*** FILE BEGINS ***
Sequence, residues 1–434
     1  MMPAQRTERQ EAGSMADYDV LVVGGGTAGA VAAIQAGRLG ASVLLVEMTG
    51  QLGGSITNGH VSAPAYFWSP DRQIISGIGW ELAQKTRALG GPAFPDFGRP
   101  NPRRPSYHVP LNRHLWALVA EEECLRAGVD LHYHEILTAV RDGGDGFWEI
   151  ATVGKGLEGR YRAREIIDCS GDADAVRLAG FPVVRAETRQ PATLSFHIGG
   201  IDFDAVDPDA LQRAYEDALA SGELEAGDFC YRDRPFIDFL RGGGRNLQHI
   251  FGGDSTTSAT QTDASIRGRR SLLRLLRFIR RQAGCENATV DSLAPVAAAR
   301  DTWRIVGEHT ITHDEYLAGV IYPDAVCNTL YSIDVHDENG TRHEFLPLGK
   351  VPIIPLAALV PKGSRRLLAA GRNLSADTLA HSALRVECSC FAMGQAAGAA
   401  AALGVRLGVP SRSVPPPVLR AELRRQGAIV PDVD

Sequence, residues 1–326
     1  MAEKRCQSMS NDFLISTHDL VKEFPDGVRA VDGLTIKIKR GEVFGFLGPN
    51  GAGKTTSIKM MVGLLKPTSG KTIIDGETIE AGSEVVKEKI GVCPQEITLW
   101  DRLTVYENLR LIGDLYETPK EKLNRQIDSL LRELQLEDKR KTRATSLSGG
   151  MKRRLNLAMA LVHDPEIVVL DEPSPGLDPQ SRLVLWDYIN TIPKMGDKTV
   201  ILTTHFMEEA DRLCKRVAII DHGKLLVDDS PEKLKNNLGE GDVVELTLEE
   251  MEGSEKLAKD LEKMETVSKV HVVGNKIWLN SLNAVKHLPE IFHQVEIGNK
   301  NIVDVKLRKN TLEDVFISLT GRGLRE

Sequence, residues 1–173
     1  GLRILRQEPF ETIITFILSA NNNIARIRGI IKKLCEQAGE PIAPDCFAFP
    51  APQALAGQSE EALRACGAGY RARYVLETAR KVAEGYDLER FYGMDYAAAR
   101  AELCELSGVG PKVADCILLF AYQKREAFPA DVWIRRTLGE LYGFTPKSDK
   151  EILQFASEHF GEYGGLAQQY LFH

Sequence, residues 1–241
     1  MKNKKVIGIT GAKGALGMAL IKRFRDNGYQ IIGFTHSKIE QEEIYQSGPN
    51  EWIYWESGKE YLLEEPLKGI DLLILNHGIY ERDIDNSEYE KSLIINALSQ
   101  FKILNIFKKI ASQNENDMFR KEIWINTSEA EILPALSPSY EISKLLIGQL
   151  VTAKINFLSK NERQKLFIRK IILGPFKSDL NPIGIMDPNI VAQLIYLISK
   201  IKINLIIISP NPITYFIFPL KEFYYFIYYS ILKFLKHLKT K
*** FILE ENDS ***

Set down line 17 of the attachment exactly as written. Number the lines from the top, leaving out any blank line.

   251  MEGSEKLAKD LEKMETVSKV HVVGNKIWLN SLNAVKHLPE IFHQVEIGNK